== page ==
Thanks to my friends at Double Exposure’s Envoy program, you can learn to play my games Wordsy and The Networks at a game store near you this weekend and next! (Alas, this offer only applies to my friends in the US. Hopefully we can organize an event outside my country soon!)

Here’s how it works. This coming weekend, August 26-27, stores in 39 different states, from Maine to Hawaii, will be showing The Networks. You won’t need to know how to play the game, so this is a good chance to learn the game if you don’t already!

The following weekend, September 2-3, there will be a similar event, but for my game Wordsy instead. Again, it’s a great opportunity to learn the game!

These stores should have copies of both games in stock, so if you enjoy the game, please buy it from them as a thank-you for hosting the event.

Event times and other details will vary from store to store. Please reach out to each store individually to find what times they’ll be featuring The Networks and Wordsy. Some stores will only be running events for one game and not the other; you can see which is which on the table below.

Hope you enjoy it!

State City Store Games
AR Fayetteville Dragon’s Keep Gaming Room BOTH
CA Fresno Crazy Squirrel Game Store BOTH
CA Lake Forest Comic Quest
The Networks
CA Oakland It’s Your Move Games & Hobbies BOTH
CA Rancho Cucamonga 4 Color Fantasies
The Networks
CA San Diego At Ease Games
The Networks
CO Aurora Crit Castle Games BOTH
CO Aurora Shep’s Games
The Networks
CT Middletown The Board Room BOTH
CT Newington YFN Tabletop Shop BOTH
DC Washington Labyrinth Games & Puzzles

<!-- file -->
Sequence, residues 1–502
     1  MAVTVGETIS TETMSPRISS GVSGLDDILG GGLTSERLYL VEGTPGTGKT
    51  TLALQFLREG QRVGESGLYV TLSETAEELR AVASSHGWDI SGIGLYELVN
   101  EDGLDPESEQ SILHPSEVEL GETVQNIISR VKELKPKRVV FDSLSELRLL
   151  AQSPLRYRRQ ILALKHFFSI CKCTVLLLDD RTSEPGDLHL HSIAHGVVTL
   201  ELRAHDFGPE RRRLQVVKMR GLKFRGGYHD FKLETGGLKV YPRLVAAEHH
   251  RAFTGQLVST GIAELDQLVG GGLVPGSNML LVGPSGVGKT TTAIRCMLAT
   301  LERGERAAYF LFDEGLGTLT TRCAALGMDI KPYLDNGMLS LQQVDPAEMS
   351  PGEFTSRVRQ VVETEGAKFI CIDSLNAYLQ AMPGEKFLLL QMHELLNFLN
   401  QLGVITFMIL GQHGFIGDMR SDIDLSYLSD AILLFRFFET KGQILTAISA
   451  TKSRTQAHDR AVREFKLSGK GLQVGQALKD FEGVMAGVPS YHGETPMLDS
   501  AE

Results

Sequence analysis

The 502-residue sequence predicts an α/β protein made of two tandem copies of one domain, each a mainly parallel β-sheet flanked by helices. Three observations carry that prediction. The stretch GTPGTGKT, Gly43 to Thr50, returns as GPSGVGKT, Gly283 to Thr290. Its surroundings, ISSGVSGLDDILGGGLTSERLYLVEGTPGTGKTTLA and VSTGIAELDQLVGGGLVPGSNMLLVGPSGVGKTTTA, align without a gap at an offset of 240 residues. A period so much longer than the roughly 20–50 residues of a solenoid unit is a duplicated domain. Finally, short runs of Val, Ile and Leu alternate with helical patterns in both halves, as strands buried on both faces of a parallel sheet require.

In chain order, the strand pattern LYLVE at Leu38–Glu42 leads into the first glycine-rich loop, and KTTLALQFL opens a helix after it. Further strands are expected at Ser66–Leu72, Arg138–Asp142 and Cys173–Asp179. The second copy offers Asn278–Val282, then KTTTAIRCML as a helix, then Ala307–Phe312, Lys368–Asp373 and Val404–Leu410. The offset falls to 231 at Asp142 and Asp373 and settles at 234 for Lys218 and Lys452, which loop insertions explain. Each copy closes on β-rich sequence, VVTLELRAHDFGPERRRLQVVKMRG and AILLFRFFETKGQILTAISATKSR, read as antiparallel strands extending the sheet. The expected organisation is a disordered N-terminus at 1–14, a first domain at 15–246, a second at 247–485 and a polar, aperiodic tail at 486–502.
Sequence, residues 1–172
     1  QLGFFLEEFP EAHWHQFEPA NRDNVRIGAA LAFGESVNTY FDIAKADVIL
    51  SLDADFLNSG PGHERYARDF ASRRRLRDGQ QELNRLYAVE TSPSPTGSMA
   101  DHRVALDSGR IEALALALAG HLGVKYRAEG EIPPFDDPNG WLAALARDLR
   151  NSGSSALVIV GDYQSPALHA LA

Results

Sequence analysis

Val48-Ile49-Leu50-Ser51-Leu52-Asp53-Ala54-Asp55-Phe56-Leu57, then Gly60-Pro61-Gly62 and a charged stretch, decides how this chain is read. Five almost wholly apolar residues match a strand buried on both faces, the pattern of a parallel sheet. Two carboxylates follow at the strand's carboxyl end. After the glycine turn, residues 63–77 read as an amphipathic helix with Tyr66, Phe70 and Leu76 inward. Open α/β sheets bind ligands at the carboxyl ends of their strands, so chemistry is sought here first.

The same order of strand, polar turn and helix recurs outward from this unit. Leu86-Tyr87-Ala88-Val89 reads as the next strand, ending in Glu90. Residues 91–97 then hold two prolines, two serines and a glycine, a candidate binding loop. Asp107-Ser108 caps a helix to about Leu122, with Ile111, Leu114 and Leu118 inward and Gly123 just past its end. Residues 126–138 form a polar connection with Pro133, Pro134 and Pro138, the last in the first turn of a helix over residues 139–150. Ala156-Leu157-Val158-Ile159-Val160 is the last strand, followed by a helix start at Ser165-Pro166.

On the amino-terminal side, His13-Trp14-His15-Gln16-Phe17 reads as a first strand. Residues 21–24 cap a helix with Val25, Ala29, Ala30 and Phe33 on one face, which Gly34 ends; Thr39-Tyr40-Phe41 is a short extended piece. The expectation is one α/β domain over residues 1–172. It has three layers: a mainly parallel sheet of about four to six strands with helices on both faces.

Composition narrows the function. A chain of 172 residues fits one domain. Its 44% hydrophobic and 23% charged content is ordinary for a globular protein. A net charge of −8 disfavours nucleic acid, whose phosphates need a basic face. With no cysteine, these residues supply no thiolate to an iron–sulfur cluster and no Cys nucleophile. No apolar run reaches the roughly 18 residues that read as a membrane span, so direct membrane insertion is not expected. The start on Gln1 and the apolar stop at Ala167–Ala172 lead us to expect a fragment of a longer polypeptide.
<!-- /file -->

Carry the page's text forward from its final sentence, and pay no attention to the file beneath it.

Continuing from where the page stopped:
The Networks
FL Estero Dungeon Games LLC BOTH
FL Gainesville Gamesville Tabletop
The Networks
FL Hollywood Cool Stuff Games – Hollywood
The Networks
FL Orlando Cool Stuff Games – Waterford Lakes BOTH
FL Pensacola TBS Comics Inc BOTH
FL Temple Terrace Armada Games Wordsy
GA Athens Tyche’s Games BOTH
GA Flowery Branch Meeple Madness BOTH
GA Macon Dice Drop Games BOTH
GA Warner Robins Heroes and Villains BOTH
HI Honolulu The Armchair Adventurer BOTH
IA Sioux City Games King
The Networks
ID Moscow Safari Pearl Comics BOTH
ID New Plymouth Gaming Adventures BOTH
ID Twin Falls Black Dragon Games BOTH
IL Bloomington Red Raccoon Games BOTH
IL Chicago Da Sorce BOTH
IL Crystal Lake Affinity for Gaming BOTH
IL Quincy Underdark Comics
The Networks
IL Rock Falls The Gaming Goat
The Networks
IN Goshen Better World Books BOTH
IN Hobart Games Inn BOTH
IN Indianapolis Family Time Games
The Networks
IN Indianapolis Saltire Games BOTH
IN Indianapolis The Game Preserve
The Networks
KS Lawrence Boom Comic Shop
The Networks
KS Mission Mission: Board Games BOTH
KS Overland Park TableTop Game & Hobby
The Networks
KS Topeka Gatekeeper Hobbies Wordsy
KS Topeka Grog’s Games
The Networks
KY Louisville The Louisville Game Shop
The Networks
KY Richmond Legendary Games
The Networks
LA Lafayette Sword N Board BOTH
LA Metairie +1 Gaming BOTH
MA Greenfield Greenfield Games
The Networks
MA Northampton Modern Myths BOTH
MD Baltimore Canton Games BOTH
MD Gaithersburg Play More Games BOTH
MD Hagerstown Neverland Games BOTH
ME Belfast All About Games BOTH
MI Adrian Acropolis Games BOTH
MI Jackson Nostalgia, Ink BOTH
MI Traverse City TC War Room BOTH
MN South Saint Paul Level Up Games, Comics, and More
The Networks
MO Kansas City Limited Figures BOTH
MO Kansas City Pawn and Pint
The Networks
MO Republic Cards ‘n Stripes Games BOTH
MS Gautier maCnarB Gaming BOTH
MS Ridgeland Van’s Comics, Cards & Games BOTH
NC Jacksonville Hobby Chest of Jacksonville BOTH
NE Lincoln Gauntlet Games BOTH
NE Lincoln Hobbytown USA (Pioneer Woods Dr)
The Networks
NE Omaha Sparta Games
The Networks
NE Omaha The Game Shoppe BOTH